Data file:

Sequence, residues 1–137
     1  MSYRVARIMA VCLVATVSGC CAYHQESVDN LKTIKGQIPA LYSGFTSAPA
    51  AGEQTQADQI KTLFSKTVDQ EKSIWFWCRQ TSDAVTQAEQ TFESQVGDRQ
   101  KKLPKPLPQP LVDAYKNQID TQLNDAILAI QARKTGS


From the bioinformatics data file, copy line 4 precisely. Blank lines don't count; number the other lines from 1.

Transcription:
   101  KKLPKPLPQP LVDAYKNQID TQLNDAILAI QARKTGS